Our schools need to be equipped to keep out intruders. That may mean installing man traps on every campus where the only way in is through a bullet proof glass hallway that is locked from both sides upon entry and does not open until the person has been deemed to be safe. We need steel doors on classrooms with heavy duty locks. What we do not need are teachers toting guns and being trained to use them when needed. 

Most of all we have to look at our present day gun laws. Nobody under the age of twenty one should ever be able to purchase them. Background checks must be more thorough and take longer than they presently do. Open carry should be limited to those who have undergone strict training and permitting. In fact we need to consider whether or not we even need open carry at all. Assault weapons that fire multiple rounds of bullets need to be banned. Even some shooting ranges do not allow such weapons on their premises, so why do ordinary citizens need them? The government should consider a generous buy back system by which private citizens can surrender their AR-15s to the police. Bump stocks should be illegal. It should be illegal to have more than five rounds in rifles and detachable mechanisms for increasing rounds should be against the law. We have to crack down on purchases of guns in parking lots at gun shows without any form of background check. We must be on the lookout for ghost guns and confiscate them when we find them. We must ask our city governments not to sign contracts for NRA conventions in the future. Mostly we must act with our votes, denying our voices to those who refuse to address these issues.

People can keep their pistols and their hunting rifles if they wish, but there is seriously no need for the proliferation of guns that has led us to have the equivalent of one gun for every man, woman and child in the country. We literally lead the world in gun ownership and gun deaths and that is not something to crow about.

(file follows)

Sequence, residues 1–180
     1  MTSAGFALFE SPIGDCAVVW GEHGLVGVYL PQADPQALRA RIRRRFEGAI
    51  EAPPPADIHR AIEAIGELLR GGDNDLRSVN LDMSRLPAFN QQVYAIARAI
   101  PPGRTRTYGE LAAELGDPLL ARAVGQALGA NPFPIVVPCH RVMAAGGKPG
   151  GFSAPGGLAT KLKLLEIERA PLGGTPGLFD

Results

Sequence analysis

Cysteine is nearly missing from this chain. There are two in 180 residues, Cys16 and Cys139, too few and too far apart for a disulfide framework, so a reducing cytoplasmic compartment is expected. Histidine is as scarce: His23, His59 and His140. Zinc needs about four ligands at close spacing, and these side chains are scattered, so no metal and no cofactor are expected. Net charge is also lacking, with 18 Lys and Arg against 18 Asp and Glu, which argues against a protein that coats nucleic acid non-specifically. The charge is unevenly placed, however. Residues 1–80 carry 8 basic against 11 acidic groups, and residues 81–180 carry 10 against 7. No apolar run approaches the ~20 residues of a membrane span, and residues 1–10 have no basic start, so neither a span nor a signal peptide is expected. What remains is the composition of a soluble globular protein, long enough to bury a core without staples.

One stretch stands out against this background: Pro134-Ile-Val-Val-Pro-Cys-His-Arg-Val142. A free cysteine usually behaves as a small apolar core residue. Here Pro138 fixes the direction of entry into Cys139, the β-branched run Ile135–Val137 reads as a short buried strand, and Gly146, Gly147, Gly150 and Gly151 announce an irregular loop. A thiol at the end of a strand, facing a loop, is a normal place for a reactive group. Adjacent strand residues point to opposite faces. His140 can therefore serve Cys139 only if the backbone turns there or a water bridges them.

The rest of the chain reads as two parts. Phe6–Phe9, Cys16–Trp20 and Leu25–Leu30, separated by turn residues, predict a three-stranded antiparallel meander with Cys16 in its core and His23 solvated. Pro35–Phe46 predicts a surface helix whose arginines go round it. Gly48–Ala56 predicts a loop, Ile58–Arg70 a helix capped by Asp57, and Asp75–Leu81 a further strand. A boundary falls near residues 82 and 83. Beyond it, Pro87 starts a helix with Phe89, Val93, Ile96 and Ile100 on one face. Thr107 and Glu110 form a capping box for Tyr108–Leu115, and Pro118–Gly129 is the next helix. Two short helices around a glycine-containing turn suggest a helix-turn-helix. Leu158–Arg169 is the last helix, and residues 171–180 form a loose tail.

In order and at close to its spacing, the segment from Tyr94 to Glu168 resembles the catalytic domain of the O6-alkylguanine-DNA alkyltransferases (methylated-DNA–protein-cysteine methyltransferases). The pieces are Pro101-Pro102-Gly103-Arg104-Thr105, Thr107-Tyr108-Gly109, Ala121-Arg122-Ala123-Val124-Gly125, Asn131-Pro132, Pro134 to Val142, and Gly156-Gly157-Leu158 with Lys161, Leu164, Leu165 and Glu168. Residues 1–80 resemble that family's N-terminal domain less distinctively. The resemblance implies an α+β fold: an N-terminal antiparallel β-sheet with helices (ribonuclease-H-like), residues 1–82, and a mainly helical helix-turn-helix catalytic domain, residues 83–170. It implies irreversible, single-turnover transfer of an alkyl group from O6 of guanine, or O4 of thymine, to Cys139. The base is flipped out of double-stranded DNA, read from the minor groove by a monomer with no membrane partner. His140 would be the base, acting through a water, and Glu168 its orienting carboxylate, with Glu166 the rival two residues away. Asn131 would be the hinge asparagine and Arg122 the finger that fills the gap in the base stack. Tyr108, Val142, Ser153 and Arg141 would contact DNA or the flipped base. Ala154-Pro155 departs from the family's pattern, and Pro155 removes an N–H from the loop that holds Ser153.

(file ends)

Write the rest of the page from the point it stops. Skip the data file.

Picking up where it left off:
The young man who carried out this most recent attack had been struggling for years according to some of his friends. He had a mom with a drug problem which is yet another difficulty that we seem unable to control. Other students bullied him for a speech impediment that somehow seemed to be ignored by the adults in his life. He was very poor. While none of these are excuses for his vile behavior, I can’t help but wonder how differently things might have turned out if his mother had been able to get rehabilitation for her addiction, his family had been provided with enough income to live decently, the young man had received early intervention for his speech problems, the schools had been staffed with enough counselors to spend time addressing bullying, the elementary school had been built with a man catcher at the entrance, the shooter had been under the care of mental health professionals, the eighteen year old had not been able to purchase two assault weapons or guns of any kind. The “might have beens” all at the heart of the matter. They all point to the places where the solutions might begin if we use our God given brains.

There are no doubt many other ancillary issues that we must address if we are to stop this heinous trend that is sending our country into spasms of grief more and more often. We have to take a hard look at ourselves and ask what has gone so very wrong and then honestly devote our time, our talent, and our funding to actually making our country a place where we no longer fear carrying out our normal daily routines. Right now the nation’s rules or lack of them are dangerous to our health.